This is an UPDATE of my article “Modeling Coronavirus in Silicon Valley” from March 23, 2020.
Photo by CDC
April 7 is the day when people could have returned to normal life. It is the last day of the first shelter-in-place order in Santa Clara County before it was extended till May 3. So where do we stand now? Is the new deadline also ephemeral? Let’s look at data to answer these questions.
In my previous article on COVID-19 in Silicon Valley, I assumed the exponential growth and created a simple model with 3 scenarios - when coronavirus cases double every 6, 7 or 8 days.
Two weeks later I can now say that the true cases stay within the modeling scenarios.
Source: Own modeling based on data from the County of Santa Clara Public Health Department.
From the plot above, we can see that the spread rate in Santa Clara County accelerated in the last week of March (true cases closer to 6 days doubling rate model) and then slowed down starting in April (true cases closer to 7 days doubling rate model).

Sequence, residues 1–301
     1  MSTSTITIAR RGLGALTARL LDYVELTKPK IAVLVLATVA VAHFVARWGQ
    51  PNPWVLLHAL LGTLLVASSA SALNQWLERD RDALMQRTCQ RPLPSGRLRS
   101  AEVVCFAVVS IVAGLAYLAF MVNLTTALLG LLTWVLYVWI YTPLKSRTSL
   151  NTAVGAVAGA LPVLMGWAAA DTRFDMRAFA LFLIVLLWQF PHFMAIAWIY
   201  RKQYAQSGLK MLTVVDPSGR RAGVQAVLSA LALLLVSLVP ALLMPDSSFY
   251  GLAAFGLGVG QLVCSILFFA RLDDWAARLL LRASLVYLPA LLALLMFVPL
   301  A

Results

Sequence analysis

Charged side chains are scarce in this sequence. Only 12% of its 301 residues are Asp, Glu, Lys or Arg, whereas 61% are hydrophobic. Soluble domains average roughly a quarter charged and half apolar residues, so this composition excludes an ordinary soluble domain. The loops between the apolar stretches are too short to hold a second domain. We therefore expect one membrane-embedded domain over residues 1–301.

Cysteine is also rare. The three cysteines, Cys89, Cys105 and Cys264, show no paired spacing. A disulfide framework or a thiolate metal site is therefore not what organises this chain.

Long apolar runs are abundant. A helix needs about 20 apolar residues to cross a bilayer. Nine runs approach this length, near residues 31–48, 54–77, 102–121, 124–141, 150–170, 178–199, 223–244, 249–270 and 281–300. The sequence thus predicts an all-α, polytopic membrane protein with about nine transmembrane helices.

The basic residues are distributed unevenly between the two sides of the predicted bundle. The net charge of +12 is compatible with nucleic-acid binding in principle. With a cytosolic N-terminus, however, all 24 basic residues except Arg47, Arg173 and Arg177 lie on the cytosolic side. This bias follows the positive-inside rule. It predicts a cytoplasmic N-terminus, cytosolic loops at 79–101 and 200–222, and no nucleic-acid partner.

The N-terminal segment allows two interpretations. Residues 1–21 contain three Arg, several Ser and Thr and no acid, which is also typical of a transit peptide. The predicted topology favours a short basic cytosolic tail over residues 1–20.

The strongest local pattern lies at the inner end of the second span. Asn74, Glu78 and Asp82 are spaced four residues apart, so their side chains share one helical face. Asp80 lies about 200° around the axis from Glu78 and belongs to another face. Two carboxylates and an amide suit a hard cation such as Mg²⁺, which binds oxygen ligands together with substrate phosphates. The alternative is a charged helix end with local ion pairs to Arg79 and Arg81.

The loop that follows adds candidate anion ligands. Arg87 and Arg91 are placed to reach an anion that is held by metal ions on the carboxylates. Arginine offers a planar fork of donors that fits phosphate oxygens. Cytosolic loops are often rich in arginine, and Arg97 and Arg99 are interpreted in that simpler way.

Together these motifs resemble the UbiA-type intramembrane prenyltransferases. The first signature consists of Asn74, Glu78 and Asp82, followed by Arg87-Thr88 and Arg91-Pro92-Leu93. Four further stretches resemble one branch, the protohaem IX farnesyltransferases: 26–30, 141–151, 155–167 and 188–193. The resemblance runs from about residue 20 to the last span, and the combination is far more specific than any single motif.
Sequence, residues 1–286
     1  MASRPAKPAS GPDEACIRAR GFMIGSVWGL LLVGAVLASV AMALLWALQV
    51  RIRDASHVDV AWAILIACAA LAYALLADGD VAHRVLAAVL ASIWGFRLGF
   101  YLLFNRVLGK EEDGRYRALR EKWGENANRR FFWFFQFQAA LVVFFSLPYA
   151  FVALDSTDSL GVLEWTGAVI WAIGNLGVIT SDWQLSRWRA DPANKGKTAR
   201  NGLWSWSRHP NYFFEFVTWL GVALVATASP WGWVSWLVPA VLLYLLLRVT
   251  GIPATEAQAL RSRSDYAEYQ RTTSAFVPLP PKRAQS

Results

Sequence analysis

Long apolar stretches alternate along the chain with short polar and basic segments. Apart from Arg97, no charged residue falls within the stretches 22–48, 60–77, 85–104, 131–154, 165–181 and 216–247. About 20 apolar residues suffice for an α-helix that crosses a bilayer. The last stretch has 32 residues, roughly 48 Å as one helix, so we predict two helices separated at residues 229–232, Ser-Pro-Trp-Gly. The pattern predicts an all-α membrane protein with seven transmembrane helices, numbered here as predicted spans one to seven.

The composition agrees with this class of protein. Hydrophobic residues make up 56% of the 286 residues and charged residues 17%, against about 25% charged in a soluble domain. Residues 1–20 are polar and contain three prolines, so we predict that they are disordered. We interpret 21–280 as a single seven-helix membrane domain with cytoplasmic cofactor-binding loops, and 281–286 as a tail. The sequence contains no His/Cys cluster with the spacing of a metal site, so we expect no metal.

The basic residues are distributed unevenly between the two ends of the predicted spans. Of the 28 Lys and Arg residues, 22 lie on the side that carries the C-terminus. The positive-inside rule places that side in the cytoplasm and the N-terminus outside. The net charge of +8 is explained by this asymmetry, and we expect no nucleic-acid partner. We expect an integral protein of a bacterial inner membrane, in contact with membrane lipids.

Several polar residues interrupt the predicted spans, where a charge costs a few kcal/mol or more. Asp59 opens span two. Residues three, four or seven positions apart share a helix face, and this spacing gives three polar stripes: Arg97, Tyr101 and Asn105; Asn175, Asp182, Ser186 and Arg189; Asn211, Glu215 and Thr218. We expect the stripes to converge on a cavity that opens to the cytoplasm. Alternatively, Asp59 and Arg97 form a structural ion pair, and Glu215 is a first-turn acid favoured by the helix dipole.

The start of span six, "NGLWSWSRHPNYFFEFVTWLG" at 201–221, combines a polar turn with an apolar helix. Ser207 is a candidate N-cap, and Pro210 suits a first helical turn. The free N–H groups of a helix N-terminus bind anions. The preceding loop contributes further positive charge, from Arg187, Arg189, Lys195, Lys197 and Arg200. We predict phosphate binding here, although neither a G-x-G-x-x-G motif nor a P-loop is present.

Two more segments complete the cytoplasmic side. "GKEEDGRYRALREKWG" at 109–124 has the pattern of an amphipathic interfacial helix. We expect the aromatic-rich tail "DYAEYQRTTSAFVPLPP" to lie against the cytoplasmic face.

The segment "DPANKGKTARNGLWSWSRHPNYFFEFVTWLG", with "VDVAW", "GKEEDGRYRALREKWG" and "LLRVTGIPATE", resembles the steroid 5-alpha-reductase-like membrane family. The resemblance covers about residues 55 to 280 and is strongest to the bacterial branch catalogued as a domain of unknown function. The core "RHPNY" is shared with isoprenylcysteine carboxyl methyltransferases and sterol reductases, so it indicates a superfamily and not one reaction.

The slower spread rate indicates that social distancing works.
So what to expect in May? Well, I think the worst time is still ahead of us. If nothing changes, the number of coronavirus cases in Santa Clara County could variate between 17,000 and 38,000 by May 3 or reach 10,000 in the best case (see model here). With such numbers it is hard to imagine the return to normal life in four weeks.
But even if I am wrong (and I hope so!), the simulations done by a popular math blogger 3Blue1Brown show that not isolating all cases might lead to the second wave. So we need effective disease control - testing, quarantine & medical treatment - combined with social distancing.
Until a vaccine against coronavirus is invented, we have to face the new reality and practice social distancing in earnest.